In your copy set up it is preferred to have the lights on the left and right at a 45 degree angle to the camera lens axis. This usually will help create even lighting and to minimize the glare but not always. That is when you start to get creative to eliminate it or at least minimize the glare. So as I understand the ExpoDisc once you get your copystand set up you would put your camera on the base (floor I assume) and shoot back to the tripod head with the ExpoDisc over the lens.

A bit of a physics lesson here for trying to get rid of the glare if it occurs. The angle of incidence equals the angle of reflection. In other words the angle at which the light is hitting the subject will give a reflection at the same angle. Therefore moving the angle at which the light is hitting the original may help lessen the glare. So you could move the angle of the light as needed to lessen any glare, but as I said before be sure the original is evenly lit. Even lighting is important. Uneven lighting will throw another variable at the restoration.

Johnboy
Title: Re: The Power of the ExpoDics
Post by: Mhayes on September 23, 2007, 11:04:24 PM
Johnboy,

Yes, I put the camera on the mat but did not shoot back at the tripod head. The reason I didn't is because my light source is not behind the camera. Instead I sat the camera about where the picture will sit and then tilted the camera to point between the two lights. When you watch the video, you will see him by the model while he points the camera back at the tripod, or where the camera will be held while taking the picture. In those cases, the light is the sun or studio lights.

To save expense I bought the largest diameter ExpoDisc so that it could be hand held on a variety of lenses.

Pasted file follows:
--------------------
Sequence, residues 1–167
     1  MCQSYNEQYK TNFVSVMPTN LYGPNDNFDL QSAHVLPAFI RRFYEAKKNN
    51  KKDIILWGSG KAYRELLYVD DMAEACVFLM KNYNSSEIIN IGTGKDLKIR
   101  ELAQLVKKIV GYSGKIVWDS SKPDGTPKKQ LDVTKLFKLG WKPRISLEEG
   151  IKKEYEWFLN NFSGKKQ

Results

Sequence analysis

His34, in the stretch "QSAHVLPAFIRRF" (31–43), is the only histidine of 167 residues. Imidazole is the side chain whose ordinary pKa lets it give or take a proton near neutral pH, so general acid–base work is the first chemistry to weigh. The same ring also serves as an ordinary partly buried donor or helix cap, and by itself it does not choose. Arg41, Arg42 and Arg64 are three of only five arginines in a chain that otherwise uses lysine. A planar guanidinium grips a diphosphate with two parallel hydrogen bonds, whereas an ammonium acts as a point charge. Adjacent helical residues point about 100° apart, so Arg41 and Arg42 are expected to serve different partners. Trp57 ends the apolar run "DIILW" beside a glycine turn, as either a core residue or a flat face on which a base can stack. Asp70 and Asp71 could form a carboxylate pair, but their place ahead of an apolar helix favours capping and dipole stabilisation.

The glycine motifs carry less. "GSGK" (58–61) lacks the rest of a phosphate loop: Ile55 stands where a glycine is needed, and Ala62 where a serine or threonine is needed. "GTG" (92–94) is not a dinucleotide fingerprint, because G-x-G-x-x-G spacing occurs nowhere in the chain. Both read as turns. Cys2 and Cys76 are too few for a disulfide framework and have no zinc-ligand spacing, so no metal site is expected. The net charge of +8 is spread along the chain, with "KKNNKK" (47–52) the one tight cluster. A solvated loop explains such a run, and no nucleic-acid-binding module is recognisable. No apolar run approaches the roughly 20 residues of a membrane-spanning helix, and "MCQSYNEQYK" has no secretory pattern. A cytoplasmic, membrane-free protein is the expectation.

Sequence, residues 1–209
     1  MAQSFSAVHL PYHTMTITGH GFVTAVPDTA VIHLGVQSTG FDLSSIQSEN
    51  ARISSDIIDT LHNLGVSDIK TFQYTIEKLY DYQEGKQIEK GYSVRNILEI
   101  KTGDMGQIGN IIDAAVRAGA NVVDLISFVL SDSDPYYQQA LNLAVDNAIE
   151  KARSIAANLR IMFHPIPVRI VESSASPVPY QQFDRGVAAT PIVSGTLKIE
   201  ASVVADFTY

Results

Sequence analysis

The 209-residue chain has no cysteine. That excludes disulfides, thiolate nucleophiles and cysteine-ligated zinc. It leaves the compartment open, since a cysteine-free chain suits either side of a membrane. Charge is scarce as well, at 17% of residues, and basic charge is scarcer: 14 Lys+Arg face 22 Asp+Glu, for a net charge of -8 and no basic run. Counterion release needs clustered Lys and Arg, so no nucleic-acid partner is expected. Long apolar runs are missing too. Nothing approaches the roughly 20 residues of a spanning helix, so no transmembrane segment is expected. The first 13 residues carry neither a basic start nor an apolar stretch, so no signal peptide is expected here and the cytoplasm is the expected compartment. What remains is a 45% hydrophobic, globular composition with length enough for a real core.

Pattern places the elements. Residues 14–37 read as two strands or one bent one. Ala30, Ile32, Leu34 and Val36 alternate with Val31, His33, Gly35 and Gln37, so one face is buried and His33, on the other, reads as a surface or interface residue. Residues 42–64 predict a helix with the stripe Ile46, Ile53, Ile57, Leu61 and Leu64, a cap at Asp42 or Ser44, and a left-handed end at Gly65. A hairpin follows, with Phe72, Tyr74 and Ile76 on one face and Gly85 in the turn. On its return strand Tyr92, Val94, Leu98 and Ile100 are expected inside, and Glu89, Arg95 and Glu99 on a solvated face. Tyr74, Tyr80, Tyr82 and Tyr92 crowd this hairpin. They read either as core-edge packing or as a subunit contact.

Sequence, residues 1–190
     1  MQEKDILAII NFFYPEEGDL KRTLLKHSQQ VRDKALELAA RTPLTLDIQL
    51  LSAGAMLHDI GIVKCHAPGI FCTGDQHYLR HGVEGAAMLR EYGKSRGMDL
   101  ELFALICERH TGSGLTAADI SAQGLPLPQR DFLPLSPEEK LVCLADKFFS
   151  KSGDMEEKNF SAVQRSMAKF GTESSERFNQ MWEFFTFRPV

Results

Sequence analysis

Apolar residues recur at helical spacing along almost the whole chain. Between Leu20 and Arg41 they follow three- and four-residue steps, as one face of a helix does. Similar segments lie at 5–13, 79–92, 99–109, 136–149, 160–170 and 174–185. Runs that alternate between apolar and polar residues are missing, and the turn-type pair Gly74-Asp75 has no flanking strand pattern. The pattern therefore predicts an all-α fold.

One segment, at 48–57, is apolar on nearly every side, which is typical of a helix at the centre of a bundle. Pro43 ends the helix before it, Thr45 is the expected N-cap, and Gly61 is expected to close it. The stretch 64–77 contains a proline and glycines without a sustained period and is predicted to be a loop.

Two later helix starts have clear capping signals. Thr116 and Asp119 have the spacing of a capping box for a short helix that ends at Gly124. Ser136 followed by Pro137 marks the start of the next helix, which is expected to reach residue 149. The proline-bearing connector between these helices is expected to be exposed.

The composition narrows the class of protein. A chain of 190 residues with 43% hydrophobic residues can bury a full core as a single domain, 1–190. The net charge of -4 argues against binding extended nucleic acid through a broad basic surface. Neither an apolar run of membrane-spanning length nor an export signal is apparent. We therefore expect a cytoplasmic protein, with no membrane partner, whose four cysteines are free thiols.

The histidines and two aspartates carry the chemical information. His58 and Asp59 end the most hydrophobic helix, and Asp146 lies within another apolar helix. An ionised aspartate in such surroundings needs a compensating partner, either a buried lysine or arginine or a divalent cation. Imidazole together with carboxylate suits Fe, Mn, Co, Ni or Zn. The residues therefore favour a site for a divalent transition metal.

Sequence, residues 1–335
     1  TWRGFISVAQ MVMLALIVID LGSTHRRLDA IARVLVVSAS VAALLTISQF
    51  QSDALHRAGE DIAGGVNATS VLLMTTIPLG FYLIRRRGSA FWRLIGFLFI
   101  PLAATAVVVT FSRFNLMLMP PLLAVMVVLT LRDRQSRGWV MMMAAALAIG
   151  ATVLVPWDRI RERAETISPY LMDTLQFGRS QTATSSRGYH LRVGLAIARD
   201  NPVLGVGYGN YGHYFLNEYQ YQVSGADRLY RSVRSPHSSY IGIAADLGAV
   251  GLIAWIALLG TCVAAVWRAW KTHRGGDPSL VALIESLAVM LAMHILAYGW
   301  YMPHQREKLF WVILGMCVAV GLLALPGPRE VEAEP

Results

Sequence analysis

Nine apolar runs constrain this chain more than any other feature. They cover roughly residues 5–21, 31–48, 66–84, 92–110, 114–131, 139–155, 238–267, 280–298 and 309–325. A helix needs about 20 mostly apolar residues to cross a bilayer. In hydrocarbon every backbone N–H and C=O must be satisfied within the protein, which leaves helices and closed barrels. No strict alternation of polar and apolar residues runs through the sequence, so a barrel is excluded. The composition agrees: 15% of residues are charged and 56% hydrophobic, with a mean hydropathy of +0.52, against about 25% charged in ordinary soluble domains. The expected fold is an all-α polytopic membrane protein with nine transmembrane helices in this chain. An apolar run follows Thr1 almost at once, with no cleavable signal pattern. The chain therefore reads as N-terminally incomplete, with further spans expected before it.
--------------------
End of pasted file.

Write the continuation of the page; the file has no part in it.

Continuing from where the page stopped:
I'm not sure this is as big a factor in digital as it is in film, but by having the ExpoDisc I don't have to worry about the effect of my lights plus those that will be on overhead in the library.

Margie
Title: Re: The Power of the ExpoDics
Post by: Hannie on September 24, 2007, 04:03:02 AM
Thank you Marge and Johnboy for this very interesting topic, it was fun to read!  After you posted the second set of photos it was really clear how the Expodisc works, amazing!  I also watched the link to the videos, looks like it is worth while to own one of these filters!
About the "white dots", it almost seems like some of the photos of the latest batch were printed on textured paper.  In that case, to reduce reflections it helps to copy the photo a second time at a 180 degrees rotation and merge them together during restoration.

Hannie
Title: Re: The Power of the ExpoDics
Post by: jneil2 on September 24, 2007, 12:01:22 PM
I enjoyed reading this topic, everyone.  As one of the three photographers on the last copy run to Biloxi, glare was often a huge problem with many of the prints.  Sometimes, the best solution was to move the lights so that the glare was in an area that could be easily retouched, like a plain background. As far as the white dot problem, I never thought about rotating the print and I would like to know more about how to handle that in post.  Some batches were huge numbers of photos, all with the plastic album page stuck to the photos which were all "bumpy"